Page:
When I first began my flying career it was very rare to find women involved in aviation in any capacity. However, over the years more and more women have begun to discover what a great career flying can be. The truth is that women have been involved in aviation since the very beginning. In 1908 Madame Therese Peltier of France becomes the first woman to fly an airplane solo and the first woman to receive a pilot's license. In the United States on September 2nd 1910 Blanche Stuart Scott, without permission or knowledge of Glenn Curtiss, the airplane's owner and builder, removes a small wood wedge and is able to get the airplane airborne -- without any flying lessons -- thus becoming the first American woman to pilot an airplane 5 years after the first flight by the Wright Brothers. The WASPs Jacqueline Cochran was an early female pilot who took a very strong stand during World War II to convince President Roosevelt and General Hap Arnold of the value of women pilots to the war effort. Her first assignment was to fly in England ferrying aircraft to forward air bases freeing up male pilots for aerial combat. In 1943 the WASP (Womens Airforce Service Pilots) came into existence on August 4th, training 1,074 women to fly military aircraft and support the war effort. Of these, 38 women pilots died flying during World War II. In 1977 these women were recognized with veteran status, and given the Congressional Gold Medal in 2009. Unfortunately, many of these women left aviation never to return after the conclusion of the war. Female Student Pilots Over my career I had the privilege of flying with a number of women who were pursuing their pilot's license, all of whom completed their training and won their Private Pilot's license. Each of these students were unique, but among the most determined and dedicated students I ever had. For example, I recall one of my female student pilots who had figured out she was getting close to solo. In a startling conversation she informed me that she - not I - would determine exactly when she should solo! Of course I went along with this, and she went on to receive the best compliments from an examiner I have ever received for one of my recommended students. Barriers To Completing Flight Training For Female Student Pilots Max Trescott, 2008 National CFI of the Year, wrote an interesting article discussing the barriers women encounter in completing their flight training titled "Female Student Pilots – Barriers to Completing Flight Training". In this article Max concludes that flight schools should provide extra attention and support to female student pilots and consider matching female students with female CFIs when possible. A Successful Woman Pilot Is Interviewed For example, you can read my post and listen to my podcast interview about "Who Else Would Like To Fly For The Regional Airlines?" where I interview Susan Sherman, a young woman who flies for Horizon Aviation, a regional air carrier. Until next time keep your wings straight and level Hersch! JetAviator7 ps: Don't forget to sign up for our newsletter "All Things Aviation" here!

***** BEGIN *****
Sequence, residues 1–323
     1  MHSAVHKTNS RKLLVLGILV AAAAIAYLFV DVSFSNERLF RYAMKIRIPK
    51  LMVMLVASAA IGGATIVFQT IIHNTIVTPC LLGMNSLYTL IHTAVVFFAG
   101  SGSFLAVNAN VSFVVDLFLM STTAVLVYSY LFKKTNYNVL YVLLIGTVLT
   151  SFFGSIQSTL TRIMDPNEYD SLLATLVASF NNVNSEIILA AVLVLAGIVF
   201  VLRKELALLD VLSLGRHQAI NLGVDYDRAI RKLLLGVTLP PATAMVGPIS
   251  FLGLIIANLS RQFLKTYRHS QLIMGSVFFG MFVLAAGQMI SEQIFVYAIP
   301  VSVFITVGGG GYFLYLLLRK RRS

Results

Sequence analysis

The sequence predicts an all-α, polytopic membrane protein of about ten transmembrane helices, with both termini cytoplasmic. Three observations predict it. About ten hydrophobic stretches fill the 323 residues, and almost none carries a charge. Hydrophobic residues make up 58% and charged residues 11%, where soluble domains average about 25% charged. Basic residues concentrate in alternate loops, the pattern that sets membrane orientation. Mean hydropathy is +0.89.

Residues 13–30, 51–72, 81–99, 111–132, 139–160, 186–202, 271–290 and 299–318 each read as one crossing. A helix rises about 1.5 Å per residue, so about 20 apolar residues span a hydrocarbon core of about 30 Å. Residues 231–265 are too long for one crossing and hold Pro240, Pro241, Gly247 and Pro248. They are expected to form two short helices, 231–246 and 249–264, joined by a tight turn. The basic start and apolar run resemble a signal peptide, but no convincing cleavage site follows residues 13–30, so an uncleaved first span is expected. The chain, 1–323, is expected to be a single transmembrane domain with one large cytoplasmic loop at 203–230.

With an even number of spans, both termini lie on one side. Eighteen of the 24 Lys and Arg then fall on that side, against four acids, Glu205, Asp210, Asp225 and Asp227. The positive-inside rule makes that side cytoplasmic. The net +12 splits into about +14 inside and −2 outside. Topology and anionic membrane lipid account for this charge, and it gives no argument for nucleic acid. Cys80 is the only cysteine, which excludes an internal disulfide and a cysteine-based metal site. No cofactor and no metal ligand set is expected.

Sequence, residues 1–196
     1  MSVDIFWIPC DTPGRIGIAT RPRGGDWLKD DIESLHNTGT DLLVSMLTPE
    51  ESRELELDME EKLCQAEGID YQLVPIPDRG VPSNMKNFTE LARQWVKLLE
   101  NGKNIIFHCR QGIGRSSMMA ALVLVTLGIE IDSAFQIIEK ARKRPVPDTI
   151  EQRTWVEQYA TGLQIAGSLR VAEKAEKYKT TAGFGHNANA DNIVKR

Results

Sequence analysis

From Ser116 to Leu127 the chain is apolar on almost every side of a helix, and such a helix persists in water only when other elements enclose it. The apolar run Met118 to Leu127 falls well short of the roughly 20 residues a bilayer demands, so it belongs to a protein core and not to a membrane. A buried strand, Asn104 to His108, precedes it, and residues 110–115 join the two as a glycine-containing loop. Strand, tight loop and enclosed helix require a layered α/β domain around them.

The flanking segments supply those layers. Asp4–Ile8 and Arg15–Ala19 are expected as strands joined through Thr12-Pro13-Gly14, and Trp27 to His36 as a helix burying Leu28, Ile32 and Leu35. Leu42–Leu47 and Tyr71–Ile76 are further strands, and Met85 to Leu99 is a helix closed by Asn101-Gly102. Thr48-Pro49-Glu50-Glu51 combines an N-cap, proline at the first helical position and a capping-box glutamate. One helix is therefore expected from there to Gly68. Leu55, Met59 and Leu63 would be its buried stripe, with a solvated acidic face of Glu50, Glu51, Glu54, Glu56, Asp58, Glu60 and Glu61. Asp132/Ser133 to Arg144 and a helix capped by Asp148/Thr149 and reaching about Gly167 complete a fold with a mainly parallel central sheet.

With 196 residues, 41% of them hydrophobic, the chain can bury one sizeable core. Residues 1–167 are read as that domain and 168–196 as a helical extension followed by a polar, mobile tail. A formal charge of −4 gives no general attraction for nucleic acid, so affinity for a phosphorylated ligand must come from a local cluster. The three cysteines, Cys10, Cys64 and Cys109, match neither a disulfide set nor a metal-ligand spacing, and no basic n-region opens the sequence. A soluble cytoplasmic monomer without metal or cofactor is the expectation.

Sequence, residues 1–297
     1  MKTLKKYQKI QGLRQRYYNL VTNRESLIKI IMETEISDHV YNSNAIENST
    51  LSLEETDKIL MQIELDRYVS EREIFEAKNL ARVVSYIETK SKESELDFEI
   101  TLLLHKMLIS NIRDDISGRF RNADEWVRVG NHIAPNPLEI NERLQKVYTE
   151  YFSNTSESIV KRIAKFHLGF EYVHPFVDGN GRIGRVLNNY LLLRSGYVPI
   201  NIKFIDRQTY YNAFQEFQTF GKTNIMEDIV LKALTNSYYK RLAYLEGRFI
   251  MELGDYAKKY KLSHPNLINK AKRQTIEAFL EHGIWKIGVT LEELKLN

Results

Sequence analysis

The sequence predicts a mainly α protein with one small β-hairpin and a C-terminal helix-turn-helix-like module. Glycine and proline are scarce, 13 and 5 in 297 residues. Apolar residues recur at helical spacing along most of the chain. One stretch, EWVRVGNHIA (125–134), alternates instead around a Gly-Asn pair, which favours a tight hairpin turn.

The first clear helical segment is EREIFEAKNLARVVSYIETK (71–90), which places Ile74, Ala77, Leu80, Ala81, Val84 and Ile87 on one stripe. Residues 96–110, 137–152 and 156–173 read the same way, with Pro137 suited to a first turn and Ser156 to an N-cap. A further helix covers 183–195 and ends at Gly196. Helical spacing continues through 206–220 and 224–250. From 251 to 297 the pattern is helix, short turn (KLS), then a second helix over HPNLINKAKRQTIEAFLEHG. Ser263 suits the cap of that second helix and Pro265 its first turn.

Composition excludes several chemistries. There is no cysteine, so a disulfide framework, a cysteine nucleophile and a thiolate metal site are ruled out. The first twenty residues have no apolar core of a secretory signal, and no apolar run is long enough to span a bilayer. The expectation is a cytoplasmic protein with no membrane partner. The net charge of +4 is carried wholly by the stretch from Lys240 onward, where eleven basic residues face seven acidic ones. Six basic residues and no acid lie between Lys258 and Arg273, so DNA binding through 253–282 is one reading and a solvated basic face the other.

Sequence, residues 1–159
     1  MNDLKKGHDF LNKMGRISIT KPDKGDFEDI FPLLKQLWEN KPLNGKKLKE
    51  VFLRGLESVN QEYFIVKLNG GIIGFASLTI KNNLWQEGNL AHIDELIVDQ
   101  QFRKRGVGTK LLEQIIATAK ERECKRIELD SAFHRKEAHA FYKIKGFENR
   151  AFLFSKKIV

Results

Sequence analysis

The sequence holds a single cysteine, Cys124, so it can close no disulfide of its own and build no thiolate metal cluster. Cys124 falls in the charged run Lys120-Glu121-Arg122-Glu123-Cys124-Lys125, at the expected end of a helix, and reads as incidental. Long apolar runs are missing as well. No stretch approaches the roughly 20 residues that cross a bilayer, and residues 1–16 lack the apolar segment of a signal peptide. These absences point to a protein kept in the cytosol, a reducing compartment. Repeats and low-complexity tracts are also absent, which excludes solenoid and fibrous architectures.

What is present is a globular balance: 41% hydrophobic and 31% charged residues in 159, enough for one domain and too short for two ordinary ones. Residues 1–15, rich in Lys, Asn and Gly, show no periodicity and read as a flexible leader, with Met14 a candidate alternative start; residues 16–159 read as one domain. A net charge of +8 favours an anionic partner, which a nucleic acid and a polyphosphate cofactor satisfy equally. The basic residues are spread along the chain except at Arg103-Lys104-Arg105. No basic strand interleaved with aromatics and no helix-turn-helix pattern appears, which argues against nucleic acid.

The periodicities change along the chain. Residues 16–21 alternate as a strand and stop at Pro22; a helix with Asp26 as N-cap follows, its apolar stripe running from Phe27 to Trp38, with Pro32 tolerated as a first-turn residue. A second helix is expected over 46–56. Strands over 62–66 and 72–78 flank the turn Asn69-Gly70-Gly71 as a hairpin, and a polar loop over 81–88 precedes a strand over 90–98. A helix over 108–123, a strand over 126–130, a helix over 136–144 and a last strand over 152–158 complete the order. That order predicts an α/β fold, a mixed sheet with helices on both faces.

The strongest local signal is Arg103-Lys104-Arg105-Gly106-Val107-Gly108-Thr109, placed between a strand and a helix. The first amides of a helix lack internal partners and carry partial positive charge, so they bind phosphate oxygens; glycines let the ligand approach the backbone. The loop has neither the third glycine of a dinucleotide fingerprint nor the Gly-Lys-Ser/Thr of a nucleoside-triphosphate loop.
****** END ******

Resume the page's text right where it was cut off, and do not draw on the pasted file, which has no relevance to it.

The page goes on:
by John M. White • • 1 comment